The Day Lincoln Lost by Charles Rosenberg
Published by Hanover Square Press ISBN 978-1335145222
Hardcover, $27.99, 432 pages
If you are someone who thinks that this time in our political history is unprecedented, Charles Rosenberg's alternate history political thriller, The Day Lincoln Lost, may disabuse you of that notion.
Abraham Lincoln is laying low, waiting out his time as the Republican nominee for President in 1860 at his home in Springfield. Abby Kelley Foster, a famous abolitionist speaker, was asked to give a talk at a local church about the need to end slavery now. She was not a fan of Lincoln's gradual approach to end slavery, and let everyone know that, even in his hometown of Springfield.
Lucy, a twelve year-old girl who had escaped slavery, was captured and jailed in Springfield, awaiting her return to Goshorn, the man who "owned" her. Foster encouraged the crowd to "do something about this", and the crowd surrounded the carriage she was being taken away in. Lucy and Goshorn disappeared into the night.
Foster was arrested for inciting the riot and placed in the Springfield jail. Abraham Lincoln and his law partner Billy Herndon reluctantly agree to represent Foster at her trial, after much discussion about how this will politically affect Lincoln's run for president.
They strategize that the best outcome would be to find Lucy and Goshorn, so they turn to the Pinkerton Detective Agency. Pinkerton puts one of his best agents on the job- a woman by the name of Annabelle, who just so happens to have grown up on a plantation neighboring the missing slave owner.
I liked that the novel had two women who were in roles not usually occupied by females- lecture speakers and detective. The inclusion of actual people in the story, both famous- Lincoln, Allan Pinkerton, and Frederick Douglass- and less well known made for a more interesting story.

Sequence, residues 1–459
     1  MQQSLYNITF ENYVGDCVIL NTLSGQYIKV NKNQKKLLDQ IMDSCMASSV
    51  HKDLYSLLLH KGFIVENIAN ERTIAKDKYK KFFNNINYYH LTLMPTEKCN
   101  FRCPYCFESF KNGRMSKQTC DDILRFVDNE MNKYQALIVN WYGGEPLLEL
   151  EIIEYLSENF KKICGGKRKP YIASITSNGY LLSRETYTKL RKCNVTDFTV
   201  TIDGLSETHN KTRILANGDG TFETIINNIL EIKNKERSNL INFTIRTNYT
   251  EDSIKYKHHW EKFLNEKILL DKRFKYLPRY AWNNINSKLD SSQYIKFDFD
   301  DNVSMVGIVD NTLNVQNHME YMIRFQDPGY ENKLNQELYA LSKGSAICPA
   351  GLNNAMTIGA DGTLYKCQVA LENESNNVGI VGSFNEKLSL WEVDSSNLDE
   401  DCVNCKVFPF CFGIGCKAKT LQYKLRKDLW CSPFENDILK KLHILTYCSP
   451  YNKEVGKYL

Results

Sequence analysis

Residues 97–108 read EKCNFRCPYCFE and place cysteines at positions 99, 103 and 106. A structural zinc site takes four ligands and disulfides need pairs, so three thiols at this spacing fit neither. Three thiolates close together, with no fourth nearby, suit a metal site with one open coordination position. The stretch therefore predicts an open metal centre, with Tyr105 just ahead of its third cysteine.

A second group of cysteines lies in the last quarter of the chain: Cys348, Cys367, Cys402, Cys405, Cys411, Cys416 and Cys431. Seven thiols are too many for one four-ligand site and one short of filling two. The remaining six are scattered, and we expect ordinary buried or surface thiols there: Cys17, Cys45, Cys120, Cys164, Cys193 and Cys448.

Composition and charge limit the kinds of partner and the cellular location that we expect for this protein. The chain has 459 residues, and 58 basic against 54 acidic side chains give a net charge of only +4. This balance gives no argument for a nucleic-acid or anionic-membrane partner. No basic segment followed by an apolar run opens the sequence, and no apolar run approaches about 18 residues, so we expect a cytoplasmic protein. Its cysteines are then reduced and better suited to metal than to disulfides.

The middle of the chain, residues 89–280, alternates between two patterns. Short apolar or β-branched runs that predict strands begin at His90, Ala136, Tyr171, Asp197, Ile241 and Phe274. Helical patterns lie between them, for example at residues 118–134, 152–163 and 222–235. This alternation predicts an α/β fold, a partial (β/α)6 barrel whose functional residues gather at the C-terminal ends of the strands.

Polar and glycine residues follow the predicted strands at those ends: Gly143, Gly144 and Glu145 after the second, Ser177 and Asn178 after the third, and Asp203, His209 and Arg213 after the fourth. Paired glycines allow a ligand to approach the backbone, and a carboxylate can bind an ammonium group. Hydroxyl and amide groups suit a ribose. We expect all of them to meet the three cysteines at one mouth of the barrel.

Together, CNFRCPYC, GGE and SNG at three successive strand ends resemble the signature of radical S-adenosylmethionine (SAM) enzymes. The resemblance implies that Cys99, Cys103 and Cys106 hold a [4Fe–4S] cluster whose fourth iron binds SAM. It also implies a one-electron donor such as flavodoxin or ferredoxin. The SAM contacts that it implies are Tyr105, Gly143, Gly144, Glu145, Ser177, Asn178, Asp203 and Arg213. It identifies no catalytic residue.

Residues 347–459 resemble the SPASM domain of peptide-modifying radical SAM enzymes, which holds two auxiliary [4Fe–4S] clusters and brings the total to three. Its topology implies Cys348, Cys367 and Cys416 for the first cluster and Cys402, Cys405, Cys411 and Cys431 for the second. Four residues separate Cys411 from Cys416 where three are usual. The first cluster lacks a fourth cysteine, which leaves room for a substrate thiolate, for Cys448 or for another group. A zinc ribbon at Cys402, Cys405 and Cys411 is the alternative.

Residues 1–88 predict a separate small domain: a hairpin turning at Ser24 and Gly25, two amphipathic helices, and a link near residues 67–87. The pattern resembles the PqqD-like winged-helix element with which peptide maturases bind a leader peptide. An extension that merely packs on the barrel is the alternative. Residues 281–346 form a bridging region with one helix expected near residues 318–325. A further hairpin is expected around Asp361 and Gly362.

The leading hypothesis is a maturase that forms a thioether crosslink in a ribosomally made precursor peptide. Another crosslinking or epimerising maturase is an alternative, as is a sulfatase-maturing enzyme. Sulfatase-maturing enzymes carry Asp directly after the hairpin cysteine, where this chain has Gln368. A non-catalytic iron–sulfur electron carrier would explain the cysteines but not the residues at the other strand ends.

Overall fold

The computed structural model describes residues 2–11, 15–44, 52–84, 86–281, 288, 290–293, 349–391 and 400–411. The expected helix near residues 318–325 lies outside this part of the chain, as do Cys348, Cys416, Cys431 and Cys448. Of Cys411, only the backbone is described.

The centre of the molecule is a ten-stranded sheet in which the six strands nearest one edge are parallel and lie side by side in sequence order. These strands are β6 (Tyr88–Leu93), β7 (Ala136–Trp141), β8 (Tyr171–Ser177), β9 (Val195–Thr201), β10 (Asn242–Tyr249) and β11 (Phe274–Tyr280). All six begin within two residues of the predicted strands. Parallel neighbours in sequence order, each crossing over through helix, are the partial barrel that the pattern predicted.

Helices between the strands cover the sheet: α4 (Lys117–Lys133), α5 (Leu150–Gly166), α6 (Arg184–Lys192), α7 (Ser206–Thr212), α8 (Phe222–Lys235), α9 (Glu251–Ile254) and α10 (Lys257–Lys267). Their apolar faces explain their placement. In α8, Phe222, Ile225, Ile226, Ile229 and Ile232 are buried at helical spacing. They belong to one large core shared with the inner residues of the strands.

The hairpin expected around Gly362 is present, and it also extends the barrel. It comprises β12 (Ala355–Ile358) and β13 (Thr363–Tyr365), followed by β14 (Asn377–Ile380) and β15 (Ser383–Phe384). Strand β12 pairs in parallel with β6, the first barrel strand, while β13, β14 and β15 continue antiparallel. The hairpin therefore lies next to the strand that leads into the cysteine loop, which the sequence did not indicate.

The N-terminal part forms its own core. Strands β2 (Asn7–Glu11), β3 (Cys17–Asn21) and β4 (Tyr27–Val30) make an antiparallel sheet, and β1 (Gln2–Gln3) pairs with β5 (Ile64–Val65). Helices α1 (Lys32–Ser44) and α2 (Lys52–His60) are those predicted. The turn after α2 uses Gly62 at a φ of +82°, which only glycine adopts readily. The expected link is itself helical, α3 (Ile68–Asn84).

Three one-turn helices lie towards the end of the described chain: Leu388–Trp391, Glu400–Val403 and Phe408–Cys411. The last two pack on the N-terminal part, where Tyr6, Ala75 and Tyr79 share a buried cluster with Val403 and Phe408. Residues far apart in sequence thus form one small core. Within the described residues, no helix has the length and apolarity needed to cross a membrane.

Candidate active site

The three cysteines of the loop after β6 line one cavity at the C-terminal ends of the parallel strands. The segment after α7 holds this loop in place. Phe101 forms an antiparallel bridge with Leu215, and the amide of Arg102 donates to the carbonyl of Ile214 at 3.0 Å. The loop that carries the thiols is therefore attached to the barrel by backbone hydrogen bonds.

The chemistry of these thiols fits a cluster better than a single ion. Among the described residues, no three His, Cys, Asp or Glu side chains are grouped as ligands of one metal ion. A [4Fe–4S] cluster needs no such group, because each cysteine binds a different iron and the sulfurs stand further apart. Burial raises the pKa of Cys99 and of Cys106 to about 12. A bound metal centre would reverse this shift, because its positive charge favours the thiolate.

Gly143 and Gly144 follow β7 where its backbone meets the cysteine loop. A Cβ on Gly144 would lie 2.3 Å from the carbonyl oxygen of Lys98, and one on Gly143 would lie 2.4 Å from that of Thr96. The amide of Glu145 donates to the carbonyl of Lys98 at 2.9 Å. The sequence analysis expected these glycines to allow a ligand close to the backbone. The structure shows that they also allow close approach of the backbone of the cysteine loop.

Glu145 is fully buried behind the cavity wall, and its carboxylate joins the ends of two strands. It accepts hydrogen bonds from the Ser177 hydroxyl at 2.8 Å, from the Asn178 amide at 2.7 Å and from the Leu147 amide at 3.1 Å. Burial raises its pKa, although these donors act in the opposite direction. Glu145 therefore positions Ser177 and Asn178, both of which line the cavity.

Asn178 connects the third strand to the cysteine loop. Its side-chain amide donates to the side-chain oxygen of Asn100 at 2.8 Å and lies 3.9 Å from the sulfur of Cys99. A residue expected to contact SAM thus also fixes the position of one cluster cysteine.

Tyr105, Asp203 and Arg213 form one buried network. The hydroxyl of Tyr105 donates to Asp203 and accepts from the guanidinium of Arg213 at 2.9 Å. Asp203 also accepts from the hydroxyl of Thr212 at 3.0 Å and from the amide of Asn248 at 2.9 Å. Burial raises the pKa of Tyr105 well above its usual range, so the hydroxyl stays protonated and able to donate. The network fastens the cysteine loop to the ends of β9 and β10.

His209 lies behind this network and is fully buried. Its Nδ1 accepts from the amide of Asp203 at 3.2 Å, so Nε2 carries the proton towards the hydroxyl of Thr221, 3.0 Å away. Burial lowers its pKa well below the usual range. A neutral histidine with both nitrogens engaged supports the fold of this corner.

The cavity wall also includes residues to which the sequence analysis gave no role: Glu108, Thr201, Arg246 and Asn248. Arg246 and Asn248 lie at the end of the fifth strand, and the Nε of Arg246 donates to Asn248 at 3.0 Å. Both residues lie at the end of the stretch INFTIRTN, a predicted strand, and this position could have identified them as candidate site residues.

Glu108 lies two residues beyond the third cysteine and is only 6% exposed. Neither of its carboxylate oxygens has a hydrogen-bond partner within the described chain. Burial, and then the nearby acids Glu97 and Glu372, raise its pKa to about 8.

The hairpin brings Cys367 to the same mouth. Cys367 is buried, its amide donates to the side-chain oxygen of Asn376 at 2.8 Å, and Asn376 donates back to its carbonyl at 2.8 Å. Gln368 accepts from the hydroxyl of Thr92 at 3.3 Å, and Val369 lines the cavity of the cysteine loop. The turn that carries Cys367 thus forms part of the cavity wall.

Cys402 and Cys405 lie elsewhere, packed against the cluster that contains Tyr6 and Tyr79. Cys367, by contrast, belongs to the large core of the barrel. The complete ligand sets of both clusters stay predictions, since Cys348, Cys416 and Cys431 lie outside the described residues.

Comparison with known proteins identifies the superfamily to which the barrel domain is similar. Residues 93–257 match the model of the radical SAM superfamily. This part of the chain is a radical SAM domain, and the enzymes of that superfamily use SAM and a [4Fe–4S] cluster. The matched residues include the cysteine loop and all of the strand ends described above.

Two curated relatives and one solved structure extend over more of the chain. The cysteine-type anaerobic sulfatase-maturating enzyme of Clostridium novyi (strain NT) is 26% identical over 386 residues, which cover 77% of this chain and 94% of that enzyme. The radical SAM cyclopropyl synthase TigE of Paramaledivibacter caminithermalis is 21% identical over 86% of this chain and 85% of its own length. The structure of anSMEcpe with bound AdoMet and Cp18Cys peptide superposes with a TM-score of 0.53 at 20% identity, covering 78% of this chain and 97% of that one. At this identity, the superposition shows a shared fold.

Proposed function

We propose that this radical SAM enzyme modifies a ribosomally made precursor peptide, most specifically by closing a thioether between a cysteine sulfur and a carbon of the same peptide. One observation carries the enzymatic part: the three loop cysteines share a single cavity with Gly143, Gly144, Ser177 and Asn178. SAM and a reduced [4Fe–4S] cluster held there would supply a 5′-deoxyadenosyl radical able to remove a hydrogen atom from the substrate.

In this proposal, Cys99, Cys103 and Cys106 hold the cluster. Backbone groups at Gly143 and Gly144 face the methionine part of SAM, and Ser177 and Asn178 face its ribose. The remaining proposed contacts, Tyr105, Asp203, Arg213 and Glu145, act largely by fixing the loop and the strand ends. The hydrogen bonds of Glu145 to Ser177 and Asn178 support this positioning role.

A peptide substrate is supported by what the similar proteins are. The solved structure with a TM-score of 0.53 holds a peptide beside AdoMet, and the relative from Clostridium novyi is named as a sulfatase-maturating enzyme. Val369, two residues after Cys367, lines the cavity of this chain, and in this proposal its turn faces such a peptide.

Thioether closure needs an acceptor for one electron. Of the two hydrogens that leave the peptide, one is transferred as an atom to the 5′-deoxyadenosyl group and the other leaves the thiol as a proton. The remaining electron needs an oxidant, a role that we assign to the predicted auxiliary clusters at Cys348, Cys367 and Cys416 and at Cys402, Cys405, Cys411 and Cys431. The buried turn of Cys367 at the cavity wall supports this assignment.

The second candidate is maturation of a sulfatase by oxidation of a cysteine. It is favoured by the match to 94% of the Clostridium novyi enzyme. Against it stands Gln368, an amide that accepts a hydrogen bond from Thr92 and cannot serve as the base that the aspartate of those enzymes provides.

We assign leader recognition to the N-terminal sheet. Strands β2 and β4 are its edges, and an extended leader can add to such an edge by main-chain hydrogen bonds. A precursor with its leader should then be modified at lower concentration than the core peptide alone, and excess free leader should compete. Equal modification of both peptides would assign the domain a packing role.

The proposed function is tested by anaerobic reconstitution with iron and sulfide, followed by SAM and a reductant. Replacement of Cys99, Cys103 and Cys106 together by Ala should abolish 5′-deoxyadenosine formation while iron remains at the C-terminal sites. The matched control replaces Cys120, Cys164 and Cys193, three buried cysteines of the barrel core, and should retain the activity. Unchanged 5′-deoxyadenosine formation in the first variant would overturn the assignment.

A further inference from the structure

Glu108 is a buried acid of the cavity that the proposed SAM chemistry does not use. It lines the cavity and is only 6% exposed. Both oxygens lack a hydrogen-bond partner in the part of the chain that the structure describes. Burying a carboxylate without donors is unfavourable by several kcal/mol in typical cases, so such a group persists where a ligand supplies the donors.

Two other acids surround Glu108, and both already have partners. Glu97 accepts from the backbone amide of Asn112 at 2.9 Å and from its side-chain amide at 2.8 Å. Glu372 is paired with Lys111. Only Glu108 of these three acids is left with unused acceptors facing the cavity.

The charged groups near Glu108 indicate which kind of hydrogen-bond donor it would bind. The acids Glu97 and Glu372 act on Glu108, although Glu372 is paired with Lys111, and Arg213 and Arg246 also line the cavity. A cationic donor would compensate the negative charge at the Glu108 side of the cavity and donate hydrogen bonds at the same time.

President James Buchanan, widely considered one of our worst presidents, is seen here as someone who cares little of the serious problems facing his country, and more concerned with the machinations to defeat Lincoln. That section may have some resonance for readers today.
One paragraph that particularly struck me is this:
"There is such bitterness in our politics now that people want to avoid arguments with their neighbors, their families, and the people they work with. Or, if they are merchants, with the people they sell goods to."
I guess the rancor we see today didn't start with Twitter; it has been with us a long time.
In this novel, the election of 1860 was not decided immediately by popular vote. No candidate received enough electoral votes to claim victory, which sends the vote to the House of Representatives. (Political junkies will truly enjoy this section of the novel.) I only hope our upcoming election is easier.
The Day Lincoln Lost will appeal to people who like historical fiction as well as political thrillers. The writing is crisp and the characters well drawn. And it reminds us that this union has survived difficult times in the past, and will do so in the future.
Thanks to Harlequin/Hanover Square Press for putting me on Charles Rosenberg's tour.